Several online journalists and activists were arrested and imprisoned as part of a crackdown on the Hirak Rif protests. Protester Elmortada Iamrachen’s conviction was upheld by an appeals court in November 2018. The previous year, he had been sentenced, based on a coerced signed confession, to five years in prison for incitement to terrorism on Facebook.16 Hamid Mahdaoui, editor-in-chief of the news site Badil, was arrested while attempting to cover demonstrations in al-Hoceima in July 2017 and was initially sentenced to three months in jail for unspecified speech offenses; the sentence was extended to one year on appeal in September 2018.17 He was separately charged with “failure to report a threat to state security,” based on a wiretap recording in which he reportedly received an unsolicited call from an individual who said he was planning to smuggle weapons into the country. In June 2018, Mahdaoui was sentenced to three years in prison and fined 3,000 dirhams ($327).18 Mahdaoui had become well known for uploading YouTube videos that expressed support for the Hirak Rif protests.

C4 1.00-4.00 pts0-4 pts
Does the government place restrictions on anonymous communication or encryption? 3.003 4.004

Anonymous and encrypted communication tools are generally accessible in Morocco, although some ambiguity remains regarding the legality of their acquisition and use.1

Article 13 of Law 53(05) of 2007 states that the “import, export, supply, operation or use of means or cryptographic services” are subject to prior authorization and outlines harsh penalties for noncompliance. However, the law does not specify whether the restrictions apply only to businesses or to private persons as well.2 Decree 2-13-88137, adopted in 2015, shifted responsibility for authorizing and monitoring “electronic certifications,” including encryption, from the civilian-run ANRT to the military’s General Directorate for the Security of Information Systems. Civil society advocates saw the move as problematic, given the lack of accountability and oversight at military institutions.3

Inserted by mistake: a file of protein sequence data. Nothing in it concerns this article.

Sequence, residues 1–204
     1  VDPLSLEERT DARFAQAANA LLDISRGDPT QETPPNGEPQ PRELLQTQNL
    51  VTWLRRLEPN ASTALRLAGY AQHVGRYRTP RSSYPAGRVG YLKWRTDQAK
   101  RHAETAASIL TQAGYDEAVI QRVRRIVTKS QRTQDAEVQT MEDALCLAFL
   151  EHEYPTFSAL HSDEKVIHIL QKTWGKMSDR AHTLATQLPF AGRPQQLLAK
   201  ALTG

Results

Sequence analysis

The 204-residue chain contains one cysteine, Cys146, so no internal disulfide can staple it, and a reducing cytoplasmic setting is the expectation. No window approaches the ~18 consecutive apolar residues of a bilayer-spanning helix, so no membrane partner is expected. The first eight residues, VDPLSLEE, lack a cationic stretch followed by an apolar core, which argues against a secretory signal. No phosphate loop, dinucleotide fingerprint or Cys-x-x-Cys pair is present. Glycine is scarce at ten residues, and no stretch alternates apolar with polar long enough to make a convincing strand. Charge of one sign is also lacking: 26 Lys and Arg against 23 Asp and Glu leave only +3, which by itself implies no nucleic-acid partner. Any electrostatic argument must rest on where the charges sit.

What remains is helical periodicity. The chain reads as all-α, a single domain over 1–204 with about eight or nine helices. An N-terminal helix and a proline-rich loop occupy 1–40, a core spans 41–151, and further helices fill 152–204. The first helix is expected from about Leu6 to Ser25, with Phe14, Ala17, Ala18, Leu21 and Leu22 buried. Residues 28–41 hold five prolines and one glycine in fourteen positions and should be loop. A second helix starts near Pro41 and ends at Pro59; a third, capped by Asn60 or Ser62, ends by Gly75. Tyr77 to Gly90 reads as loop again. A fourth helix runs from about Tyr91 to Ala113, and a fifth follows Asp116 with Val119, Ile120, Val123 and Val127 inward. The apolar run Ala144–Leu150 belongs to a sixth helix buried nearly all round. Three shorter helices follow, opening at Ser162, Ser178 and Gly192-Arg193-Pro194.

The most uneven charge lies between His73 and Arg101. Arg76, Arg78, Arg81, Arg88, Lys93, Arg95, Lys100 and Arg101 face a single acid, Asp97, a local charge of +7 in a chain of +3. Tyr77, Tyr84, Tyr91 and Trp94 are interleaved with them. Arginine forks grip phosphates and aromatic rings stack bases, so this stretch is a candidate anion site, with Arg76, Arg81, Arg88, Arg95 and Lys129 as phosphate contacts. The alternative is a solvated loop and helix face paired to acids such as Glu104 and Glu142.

Purchasers of SIM cards must register their names and national identity numbers with telecommunications operators under a 2014 decision by the ANRT.4 Unregistered SIM cards are shut down after one month. At cybercafés, however, internet users do not need to register or provide identification.

C5 1.00-6.00 pts0-6 pts
Does state surveillance of internet activities infringe on users’ right to privacy? 1.001 6.006

Sophisticated surveillance tools have reportedly been deployed in Morocco, and Moroccan activists have identified surveillance capabilities as among the most dangerous instruments in the hands of the state.1